An in-house review board met four times to go over evidence before finding Rusten Sheskey did not violate any department policies in the shooting of Jacob Blake.
The “firearms-deadly force review board,” made up of five administrators or instructors with the department, began meeting in late January, about three weeks after Kenosha County District Attorney Michael Graveley announced there would be no criminal charges against Sheskey for the Aug. 23 shooting. In a press conference announcing his decision, Graveley said an investigator into the shooting found Blake was armed with a knife during the encounter.
Sheskey, who had been on leave since the shooting, remained on leave after Graveley’s announcement while the Kenosha Police Department conducted a review to determine whether he violated department use of force policies.
According to documents released by the Police Department, the in-house review board was made up of the captain of administration, the second-shift patrol supervisor, the head of the department’s training division and a firearms instructor and arrest tactics instructor.
Kenosha Police Lt. Joseph Nosalk said the makeup of the group followed department guidelines, with the group studying 20 different department policies to see whether Sheskey and the other two officers involved followed department rules.
“It is a hindsight review of different options that could have been taken, but mainly what it does is look for violation of policy. They found no violation of policy,” Nosalik said. “The rest are recommendations that in a perfect world could have been applied.”
The group met four times before issuing a seven-page report March 8 that stated Sheskey and the two other officers at the scene did not violate policy. “There were no disciplinary recommendations made by the review board,” the report states.
Sheskey returned to work March 3, about three weeks after the report was issued, based on a decision by then Police Chief Daniel Miskinis after he reviewed the report. While he returned to work, Sheskey has not returned to patrol. In April, Sheskey was suspended without pay for three days because his loaded service weapon was stolen from an unlocked car in Racine while he was on leave, violating department policy on storing weapons.
The two other officers involved in the Aug. 23 Blake call, Vincent Arenas and Brittany Meronek, returned to work in January.
Case review materials
According to the report, the board was provided with a case review that included video (including squad car video), scene photographers, dispatch recordings and statements from the involved audiences and witnesses.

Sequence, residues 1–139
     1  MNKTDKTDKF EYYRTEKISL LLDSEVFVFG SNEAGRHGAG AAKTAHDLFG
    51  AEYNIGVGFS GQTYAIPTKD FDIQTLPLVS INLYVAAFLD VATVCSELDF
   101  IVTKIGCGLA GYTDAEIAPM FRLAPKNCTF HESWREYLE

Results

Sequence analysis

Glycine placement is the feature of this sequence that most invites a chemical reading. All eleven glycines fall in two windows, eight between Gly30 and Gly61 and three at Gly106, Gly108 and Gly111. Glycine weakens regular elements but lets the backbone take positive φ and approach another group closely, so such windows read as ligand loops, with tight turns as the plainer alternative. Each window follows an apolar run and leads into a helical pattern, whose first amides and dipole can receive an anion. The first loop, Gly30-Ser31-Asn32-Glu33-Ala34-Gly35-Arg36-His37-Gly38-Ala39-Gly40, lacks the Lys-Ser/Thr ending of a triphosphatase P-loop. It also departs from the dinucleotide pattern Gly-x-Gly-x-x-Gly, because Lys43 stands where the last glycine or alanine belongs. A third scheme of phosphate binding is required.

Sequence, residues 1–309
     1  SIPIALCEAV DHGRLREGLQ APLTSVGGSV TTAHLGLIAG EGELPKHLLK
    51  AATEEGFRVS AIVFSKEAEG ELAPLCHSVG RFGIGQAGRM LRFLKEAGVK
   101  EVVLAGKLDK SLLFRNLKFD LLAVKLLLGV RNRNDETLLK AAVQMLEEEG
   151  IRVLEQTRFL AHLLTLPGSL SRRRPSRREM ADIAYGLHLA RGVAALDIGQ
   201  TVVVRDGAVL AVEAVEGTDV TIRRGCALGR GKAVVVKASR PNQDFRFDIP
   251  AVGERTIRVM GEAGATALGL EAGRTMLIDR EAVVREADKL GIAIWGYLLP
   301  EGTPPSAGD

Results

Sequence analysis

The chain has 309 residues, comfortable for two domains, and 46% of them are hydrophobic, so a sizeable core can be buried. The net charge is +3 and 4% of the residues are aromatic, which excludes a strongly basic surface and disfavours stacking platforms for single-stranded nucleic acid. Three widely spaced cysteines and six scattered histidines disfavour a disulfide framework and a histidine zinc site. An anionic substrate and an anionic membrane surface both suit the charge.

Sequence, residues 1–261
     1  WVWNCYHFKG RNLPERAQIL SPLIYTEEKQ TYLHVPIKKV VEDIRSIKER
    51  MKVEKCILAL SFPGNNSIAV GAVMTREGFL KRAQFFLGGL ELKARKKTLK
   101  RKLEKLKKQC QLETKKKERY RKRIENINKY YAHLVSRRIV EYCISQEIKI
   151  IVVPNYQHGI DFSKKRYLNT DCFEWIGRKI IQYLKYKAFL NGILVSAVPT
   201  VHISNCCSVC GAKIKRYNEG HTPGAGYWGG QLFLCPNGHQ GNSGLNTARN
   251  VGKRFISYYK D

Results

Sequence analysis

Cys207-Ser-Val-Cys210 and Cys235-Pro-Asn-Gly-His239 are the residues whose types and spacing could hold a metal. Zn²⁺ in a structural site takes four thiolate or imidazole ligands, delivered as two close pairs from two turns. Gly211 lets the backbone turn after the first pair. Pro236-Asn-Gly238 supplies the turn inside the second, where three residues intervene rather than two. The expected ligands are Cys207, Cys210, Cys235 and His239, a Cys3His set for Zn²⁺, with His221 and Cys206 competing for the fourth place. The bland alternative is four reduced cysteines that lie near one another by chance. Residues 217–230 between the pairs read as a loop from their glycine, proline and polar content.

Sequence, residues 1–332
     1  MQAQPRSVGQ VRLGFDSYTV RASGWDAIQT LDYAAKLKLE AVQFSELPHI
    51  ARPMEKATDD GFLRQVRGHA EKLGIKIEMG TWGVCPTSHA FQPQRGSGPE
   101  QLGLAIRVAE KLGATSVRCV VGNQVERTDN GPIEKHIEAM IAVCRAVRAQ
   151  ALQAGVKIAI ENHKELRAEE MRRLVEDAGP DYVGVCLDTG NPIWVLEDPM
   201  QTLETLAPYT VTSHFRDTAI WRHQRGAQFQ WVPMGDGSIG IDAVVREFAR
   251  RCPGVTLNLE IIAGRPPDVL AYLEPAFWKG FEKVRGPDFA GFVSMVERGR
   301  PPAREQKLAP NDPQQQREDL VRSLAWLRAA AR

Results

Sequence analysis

“The review board found unanimously that Officers Arenas, Meronek and Sheskey’s use of force and deadly force were within policy,” the report states.
The report’s conclusions are based on a description of events that follows that outlined by Graveley in his decision not to issue criminal charges. The report states that Blake had struggled with officers who attempted to take him into custody for a felony warrant. Officers had used a Taser attempting to stop Blake, who was resisting, and that Blake was armed with a knife as he was attempting to get into his vehicle. They found Sheskey believed that the child in the vehicle “was in imminent danger.” Sheskey had seen one child in the vehicle, but Blake’s three children were actually inside the SUV.
“Officer Sheskey reasonably believed that Mr. Blake may also attempt to flee,” the report states, “placing the public and child in the vehicle in harm’s way or holding the child as hostage,” the report states.
Blake has disputed the narrative outlined in Graveley’s report, acknowledging he had a knife but stating that he did not turn toward Sheskey with it.
The report states that Sheskey would have been justified in using a firearm earlier in the encounter with Blake “however Officer Sheskey chose a lower-level use of force option which proved ineffective.”
The report appears to fault Arenas for not being more effective in his efforts to take Blake into custody.
“Officer Arenas will need to recognize continued resistance and assaultive behavior and respond accordingly with the force needed to effectively stop the known violent behavior he faces,” the report states. “Officer Arenas will also need to recognize when a tactic is ineffective and to raise his level of force to achieve compliance quickly.”